“Sometimes, you will feel as if you have rowed right off the planet and are now rowing among the stars.”

200px-theboysintheboatBooks on Tap read The Boys in the Boat by Daniel Brown at  Champion Brewery on January 3. This non-fiction choice follows the University of Washington crew team in the run-up to the 1936 Berlin Olympics. These nine working-class amateurs not only had to beat the elite East Coast Ivy League teams, they then had to face the semi-professional and naval European teams. While the book is rich in detail and we meet many characters, the heart of the story is Joe Rantz, who joins the team as a mistrustful, essentially homeless teenager. We follow along during the cold, grueling training mornings, the back-breaking summer jobs Joe takes on to earn enough money to stay in school and the exhilarating race days. The close cooperation Joe and his family provided the author enhances the depth of the story without sacrificing accuracy (at least through Joe’s eyes). Joe’s story line also kept us from being bogged down in the arcane rowing details and the many incidental historical figures introduced.

And what historical figures! Some readers were captivated by this turning point in history, from the depths of the Great Depression to the run-up to World War II. We were struck by the lengths the Nazis went to clear areas of Berlin and to advance their standing on the world stage via propaganda while hiding their genocidal intentions. The teammates certainly didn’t know the full extent of the atrocities and in fact coxswain Bobby Moch may not have found out that his family was Jewish had his father not revealed it to him on the eve of Bobby’s trip to Berlin.  In an interesting side note, the rowers present at our discussion agreed that it takes a particular personality to be a successful coxswain and that these bold men often go on to coach.

We also discussed the ongoing clearances that happen in Olympic hosts cities and that hosting does not usually produce long-term benefits for the host city. We wondered if the Olympics are not as popular as they were decades ago because of doping scandals, boycotts, more access to all sports online and increased professional participation but we agreed that we still get sucked in every two years.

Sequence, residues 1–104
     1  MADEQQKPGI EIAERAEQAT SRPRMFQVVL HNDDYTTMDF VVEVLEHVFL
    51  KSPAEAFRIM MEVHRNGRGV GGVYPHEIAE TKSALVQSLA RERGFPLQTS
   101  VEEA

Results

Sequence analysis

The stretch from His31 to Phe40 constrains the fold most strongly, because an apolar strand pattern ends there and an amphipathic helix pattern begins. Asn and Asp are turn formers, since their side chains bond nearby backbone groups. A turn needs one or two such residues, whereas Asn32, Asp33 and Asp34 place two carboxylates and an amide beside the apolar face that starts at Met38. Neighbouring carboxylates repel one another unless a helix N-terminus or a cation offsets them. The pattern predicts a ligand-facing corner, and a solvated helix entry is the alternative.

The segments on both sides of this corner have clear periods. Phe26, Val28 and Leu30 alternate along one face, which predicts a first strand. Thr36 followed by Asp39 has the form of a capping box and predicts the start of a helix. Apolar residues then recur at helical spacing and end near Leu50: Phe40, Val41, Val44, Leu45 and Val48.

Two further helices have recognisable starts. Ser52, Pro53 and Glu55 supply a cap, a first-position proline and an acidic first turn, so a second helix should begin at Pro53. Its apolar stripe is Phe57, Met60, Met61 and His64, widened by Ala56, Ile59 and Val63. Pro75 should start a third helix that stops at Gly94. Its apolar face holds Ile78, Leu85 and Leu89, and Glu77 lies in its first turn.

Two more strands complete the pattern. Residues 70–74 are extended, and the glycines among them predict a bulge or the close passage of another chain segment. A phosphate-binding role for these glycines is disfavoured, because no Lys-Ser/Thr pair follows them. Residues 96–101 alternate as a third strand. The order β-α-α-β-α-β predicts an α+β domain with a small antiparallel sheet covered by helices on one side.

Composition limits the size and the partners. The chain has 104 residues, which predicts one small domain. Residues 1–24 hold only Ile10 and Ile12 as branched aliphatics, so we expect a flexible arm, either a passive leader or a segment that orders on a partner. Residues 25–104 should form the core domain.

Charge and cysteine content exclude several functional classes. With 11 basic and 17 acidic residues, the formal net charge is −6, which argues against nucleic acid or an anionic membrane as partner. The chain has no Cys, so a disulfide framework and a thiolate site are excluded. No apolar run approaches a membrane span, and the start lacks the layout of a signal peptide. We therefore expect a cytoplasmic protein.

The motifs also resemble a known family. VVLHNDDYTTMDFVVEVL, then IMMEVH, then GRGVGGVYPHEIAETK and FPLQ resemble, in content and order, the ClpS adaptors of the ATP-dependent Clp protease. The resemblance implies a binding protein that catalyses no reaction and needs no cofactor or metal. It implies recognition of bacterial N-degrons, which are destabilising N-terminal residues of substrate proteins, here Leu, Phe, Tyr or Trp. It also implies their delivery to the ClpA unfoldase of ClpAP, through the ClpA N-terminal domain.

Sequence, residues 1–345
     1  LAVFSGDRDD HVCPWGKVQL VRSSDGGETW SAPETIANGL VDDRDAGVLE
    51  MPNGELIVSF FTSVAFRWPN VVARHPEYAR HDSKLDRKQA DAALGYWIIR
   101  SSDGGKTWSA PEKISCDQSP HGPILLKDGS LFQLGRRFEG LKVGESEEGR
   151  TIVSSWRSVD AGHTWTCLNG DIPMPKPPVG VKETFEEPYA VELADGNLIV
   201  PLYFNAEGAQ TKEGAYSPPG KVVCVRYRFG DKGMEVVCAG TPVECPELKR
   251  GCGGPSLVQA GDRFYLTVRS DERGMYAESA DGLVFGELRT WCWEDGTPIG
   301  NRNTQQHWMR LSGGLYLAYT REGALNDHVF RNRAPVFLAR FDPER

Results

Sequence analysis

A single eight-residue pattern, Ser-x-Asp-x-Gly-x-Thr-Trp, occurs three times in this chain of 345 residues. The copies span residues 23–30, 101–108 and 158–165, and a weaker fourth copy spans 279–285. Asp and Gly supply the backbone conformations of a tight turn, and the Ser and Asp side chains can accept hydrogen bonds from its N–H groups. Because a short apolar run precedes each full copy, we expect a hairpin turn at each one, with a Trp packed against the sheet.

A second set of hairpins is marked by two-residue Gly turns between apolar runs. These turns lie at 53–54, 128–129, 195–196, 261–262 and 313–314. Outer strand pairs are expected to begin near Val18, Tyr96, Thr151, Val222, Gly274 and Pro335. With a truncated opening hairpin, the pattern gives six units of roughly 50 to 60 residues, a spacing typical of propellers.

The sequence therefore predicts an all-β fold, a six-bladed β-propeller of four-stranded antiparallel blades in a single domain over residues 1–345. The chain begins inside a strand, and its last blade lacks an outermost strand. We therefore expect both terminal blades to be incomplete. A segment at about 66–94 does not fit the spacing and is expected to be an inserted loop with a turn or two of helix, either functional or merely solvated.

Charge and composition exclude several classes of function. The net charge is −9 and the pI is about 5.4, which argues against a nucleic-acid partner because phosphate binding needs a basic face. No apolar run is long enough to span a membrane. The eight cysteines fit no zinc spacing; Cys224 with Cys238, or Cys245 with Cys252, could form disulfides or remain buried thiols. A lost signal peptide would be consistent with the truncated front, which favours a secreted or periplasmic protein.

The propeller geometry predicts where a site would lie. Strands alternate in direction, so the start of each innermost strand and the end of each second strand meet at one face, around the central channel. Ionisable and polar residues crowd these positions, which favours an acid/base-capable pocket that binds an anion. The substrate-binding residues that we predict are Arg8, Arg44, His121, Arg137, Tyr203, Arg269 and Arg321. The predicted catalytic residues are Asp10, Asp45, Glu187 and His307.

The author sets the team up as underdogs and while they weren’t as highly regarded or supported as their competition, they did have advantages. They had access to George Pocock, a premier boatbuilder and rowing devotee. Their coaches were committed to sending a boat to the Olympics and tinkered with the lineup for years. Rowing was a national sport at the time and the city of Seattle pinned their hopes on the team. Ultimately, as rowers in our group pointed out, it comes down to the day of the race and having luck and balance on your side.  The balance was most evident with Joe, a boy who was all but abandoned as a ten year old who had to learn to trust his teammates and find the ineffable swing that would make them champions.

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The Summer Olympics were cancelled during World War II. In 1948 the so-called Austerity Olympics were held in London (the US won the men’s eights once again).

Read Alikes:
The Amateurs by David Halberstam
In the Garden of Beasts and The Devil in the White City by Erik Larson
Native American Son: The Life and and Sporting Legend of Jim Thorpe by Kate Buford
Seabiscuit: an American Legend by Laura Hillenbrand
Worst Hard Time by Timothy Egan
Note by Note: the Making of Steinway L1037
Rudy
Jesse Owens film at Northside Library, February 26

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“Just Go Knock on the Door!”

81E84+ww+YLBooks on Tap read Seven Days of Us by Francesca Hornak at  Champion Brewery on December 6. Hornak, a journalist, got the germ of the plot from a friend who underwent a voluntary 30 day quarantine after treating Ebola patients in Sierra Leone. In her novel, it’s older daughter Olivia who forces her family into a week’s quarantine over Christmas when she returns from treating the fictional Haag virus. Her sister Phoebe resents the parties she’s missing with posh new fiance George; Emma is thrilled to have everyone back at the estate she’s inherited despite her hidden health problem and father Andrew’s love child is about to make himself known. A soapy holiday drama, the story nevertheless reminds us of our own family dynamics and was a quick read for the busy end of the year.